Maureen Paley has always been an innovator. One of the first gallerists to open in London’s East End, she has been fundamental in the city’s rise to an international art center. Her gallery grew out of a project space established in 1984. “It was not initially intended to be a space that would be functioning as a gallery representing artists. It was very much about experimental shows and we worked project to project,” Paley recalls. She had no prior gallery experience, but the space developed organically. “We exhibited a variety of amazing people, often showing them for the first time in London. We had a very open remit and decisions were not market-led. It meant that I could spend a longer gestation period really being steeped in travel, looking at art, thinking about it, talking about it, and getting an opportunity, as well, to put on some very intriguing shows for London.” The result was one of the most important galleries in the city.
That desire to experiment and explore took her to Independent in New York. She has shown with Independent since its inception a decade ago, attracted to its emphasis on engagement with new models, and its founders’ vision of an invitational rather than a fair. You couldn't apply to attend. “The emphasis was on a more open exhibition presentation by the selected galleries. They wished to invite people that they felt were likeminded about how to present art,” Paley remembers. “It seemed like a fresh and open initiative. Having participated in both Unfairs in Cologne, and also having been part of the early LISTE committee in Basel, it made sense for me.” She admired the team putting the project together, including Matthew Higgs, who directs White Columns in New York, and was on hand as a selector and advisor. The project felt much closer to an open-plan exhibition than rows of booths.
Paley was also enticed by the fact that it was originally based in the historic Dia building on 22nd Street in Chelsea. “To my mind that building was a kind of shrine or ruin, and it felt remarkable to have access to it. It's history and resonance helped create the appeal to participate.” She feels that sense of connection has continued in their current location in Spring Studios.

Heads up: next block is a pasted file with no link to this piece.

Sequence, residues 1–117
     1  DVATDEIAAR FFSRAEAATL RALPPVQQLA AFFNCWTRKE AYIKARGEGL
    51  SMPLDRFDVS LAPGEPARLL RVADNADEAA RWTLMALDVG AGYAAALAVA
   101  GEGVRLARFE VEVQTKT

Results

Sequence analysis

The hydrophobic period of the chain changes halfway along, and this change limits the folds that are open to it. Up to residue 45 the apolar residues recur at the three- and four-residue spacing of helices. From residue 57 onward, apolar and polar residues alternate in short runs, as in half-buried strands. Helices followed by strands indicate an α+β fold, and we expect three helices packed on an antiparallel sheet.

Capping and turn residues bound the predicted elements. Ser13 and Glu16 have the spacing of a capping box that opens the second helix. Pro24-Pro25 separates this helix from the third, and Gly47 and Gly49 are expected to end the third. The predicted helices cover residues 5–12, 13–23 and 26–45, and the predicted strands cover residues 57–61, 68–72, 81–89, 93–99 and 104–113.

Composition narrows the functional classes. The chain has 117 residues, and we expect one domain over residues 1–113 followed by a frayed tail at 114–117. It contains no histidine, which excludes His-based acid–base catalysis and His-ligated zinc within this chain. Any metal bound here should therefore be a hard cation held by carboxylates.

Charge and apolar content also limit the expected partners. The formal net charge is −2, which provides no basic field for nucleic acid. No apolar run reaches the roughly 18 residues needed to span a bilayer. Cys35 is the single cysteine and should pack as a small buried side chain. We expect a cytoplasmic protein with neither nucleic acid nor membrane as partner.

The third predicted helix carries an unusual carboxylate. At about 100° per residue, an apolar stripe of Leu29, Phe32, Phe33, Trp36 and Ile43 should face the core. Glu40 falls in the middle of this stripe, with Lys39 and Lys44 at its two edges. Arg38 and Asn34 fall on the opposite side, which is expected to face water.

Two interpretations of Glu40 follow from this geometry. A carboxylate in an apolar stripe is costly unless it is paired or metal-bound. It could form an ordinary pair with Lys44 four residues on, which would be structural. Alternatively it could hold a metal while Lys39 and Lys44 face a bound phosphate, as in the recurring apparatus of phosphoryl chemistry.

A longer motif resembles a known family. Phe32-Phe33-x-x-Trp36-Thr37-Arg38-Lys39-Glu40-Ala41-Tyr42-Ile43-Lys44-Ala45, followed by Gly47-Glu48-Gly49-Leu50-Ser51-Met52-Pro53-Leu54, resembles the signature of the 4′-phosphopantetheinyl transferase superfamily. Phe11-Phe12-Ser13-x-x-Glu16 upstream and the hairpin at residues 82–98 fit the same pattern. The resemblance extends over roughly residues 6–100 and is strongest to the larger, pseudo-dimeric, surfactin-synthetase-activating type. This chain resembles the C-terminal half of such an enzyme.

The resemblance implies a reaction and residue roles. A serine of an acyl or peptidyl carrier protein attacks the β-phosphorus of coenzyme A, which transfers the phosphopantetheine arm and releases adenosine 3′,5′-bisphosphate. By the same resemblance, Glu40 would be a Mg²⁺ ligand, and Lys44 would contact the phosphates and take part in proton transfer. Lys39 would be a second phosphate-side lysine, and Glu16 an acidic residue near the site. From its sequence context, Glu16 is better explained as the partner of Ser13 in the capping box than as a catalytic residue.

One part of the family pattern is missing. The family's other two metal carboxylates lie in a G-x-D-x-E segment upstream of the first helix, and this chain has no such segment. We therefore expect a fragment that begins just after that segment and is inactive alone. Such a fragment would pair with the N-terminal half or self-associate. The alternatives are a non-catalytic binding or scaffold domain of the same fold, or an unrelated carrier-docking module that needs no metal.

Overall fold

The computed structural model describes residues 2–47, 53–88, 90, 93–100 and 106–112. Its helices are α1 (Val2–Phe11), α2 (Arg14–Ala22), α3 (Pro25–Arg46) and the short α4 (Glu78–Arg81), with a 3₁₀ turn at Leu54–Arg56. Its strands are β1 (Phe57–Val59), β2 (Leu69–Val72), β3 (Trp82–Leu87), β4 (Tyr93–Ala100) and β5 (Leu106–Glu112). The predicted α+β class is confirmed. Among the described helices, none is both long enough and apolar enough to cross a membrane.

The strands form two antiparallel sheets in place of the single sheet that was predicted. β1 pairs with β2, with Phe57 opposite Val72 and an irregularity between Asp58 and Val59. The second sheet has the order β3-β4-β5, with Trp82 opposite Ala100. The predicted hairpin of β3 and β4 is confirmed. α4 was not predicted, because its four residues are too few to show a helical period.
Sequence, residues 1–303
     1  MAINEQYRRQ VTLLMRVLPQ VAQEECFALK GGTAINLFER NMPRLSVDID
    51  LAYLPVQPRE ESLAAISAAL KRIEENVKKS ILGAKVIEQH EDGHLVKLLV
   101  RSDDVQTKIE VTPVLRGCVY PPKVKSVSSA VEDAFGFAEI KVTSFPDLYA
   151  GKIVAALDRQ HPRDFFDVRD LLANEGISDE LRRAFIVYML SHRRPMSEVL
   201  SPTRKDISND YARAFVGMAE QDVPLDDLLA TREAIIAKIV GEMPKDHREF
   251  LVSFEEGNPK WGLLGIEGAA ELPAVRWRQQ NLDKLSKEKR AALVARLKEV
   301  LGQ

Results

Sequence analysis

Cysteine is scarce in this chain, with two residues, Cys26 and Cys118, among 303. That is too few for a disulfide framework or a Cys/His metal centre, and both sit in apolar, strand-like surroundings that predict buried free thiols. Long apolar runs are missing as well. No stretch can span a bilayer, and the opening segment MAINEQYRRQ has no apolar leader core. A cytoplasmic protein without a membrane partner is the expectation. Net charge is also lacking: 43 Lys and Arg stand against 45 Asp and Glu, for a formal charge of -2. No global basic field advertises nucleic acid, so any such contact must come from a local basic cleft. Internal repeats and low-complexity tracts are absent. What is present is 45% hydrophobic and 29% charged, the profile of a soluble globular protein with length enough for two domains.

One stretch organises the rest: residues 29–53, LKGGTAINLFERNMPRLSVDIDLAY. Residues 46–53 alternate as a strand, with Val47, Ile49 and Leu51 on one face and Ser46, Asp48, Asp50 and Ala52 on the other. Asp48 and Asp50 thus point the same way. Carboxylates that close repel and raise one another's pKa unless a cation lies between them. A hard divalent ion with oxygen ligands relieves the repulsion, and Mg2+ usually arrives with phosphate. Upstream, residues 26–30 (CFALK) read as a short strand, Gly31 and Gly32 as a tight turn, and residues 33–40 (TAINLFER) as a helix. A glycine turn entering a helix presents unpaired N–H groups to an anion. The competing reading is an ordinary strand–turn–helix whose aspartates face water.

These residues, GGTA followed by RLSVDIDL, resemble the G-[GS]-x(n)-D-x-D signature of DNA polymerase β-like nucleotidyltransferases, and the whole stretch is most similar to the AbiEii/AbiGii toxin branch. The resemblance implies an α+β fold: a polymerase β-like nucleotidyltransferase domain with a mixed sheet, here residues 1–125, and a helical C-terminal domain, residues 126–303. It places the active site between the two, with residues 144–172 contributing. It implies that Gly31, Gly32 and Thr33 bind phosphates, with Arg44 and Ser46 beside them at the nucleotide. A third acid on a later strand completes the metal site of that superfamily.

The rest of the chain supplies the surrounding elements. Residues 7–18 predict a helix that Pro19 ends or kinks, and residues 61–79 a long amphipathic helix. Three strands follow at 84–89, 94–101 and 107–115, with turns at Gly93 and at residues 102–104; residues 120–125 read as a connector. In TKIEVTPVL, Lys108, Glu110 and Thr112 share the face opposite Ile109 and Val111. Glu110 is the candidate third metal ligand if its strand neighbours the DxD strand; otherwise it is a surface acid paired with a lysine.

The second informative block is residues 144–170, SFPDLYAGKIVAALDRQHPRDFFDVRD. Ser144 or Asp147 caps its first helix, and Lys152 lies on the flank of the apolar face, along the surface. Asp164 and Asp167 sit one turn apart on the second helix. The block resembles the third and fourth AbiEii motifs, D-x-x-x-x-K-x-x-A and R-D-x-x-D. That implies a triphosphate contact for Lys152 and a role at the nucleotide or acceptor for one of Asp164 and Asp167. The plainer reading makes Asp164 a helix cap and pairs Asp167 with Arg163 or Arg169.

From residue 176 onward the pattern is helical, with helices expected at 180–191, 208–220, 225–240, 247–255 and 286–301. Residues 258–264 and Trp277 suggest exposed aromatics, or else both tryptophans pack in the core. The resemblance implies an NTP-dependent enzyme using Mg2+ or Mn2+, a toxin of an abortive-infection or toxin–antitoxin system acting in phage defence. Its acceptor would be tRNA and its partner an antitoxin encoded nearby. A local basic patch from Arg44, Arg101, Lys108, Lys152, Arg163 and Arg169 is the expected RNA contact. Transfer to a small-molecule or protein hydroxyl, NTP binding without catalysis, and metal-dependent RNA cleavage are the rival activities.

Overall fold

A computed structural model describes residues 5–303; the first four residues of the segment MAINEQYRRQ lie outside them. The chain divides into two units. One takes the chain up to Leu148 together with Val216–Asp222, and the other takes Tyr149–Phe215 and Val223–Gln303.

Paley has used Independent as an opportunity to show pieces by Rebecca Warren, Wolfgang Tillmans, Gillian Wearing, and Michael Krebber. She first exhibited Paulo Nimer Pjota at the fair. This year she has saved work specifically by Gillian Wearing as both Madame and Monsieur Duchamp from her 'spiritual family series' - presenting herself as Duchamp and his Rose Sélavy persona. “This piece was shown in the Cincinnati Art Museum and in her solo exhibition ‘Life: Gillian Wearing,’ which ended last December. I thought that, as Duchamp was such an influential figure in New York, with people like Robert Rauschenberg and Jasper Johns, it would be important and significant to show the piece in the city, in this context.”
Lawrence Abu Hamdan, Saydnaya (ray traces), 2017, inkjet prints on acetate sheets on overhead projectors exhibition view, Maureen Paley, London, 2017. © Lawrence Abu Hamdan, courtesy Maureen Paley, London
Wolfgang Tillmans, Truth Study Centre, exhibition view, Maureen Paley, London, 2005. © Wolfgang Tillmans, courtesy Maureen Paley, London.
“A lot of the artists we work with are, if not activists, quite socially aware and socially conscious, and that's always been true. And it's been true whether the times demanded it or not."
In the last five years, Paley has added new, younger artists to her program, including Pjota, Lawrence Abu Hamdan, and Felipe Baeza, who just graduated from Yale. These new additions are made with an eye for the continuity of her program. Many of her artists have socially conscious elements in their practices, including AA Bronson + General Idea, Olivia Plender, Daria Martin, Oscar Tuazon, and Tom Burr. “A lot of the artists we work with are, if not activists, quite socially aware and socially conscious, and that's always been true. And it's been true whether the times demanded it or not. They have agendas and specific issues that they are concerned about. This has been a guiding principle and relevant all the way through.”
Upcoming projects in London include a June show with Wolfgang Tillmans, and Liam Gillick at Frieze in October. From late March, in her stunning new satellite space, Morena di Luna, in Hove, she will present Michaela Eichwald, whom she showed at Condo last year in London. These shows are guaranteed, like the work she always brings to Independent, to brilliantly balance aesthetics with the conceptual, and politics with the emotional.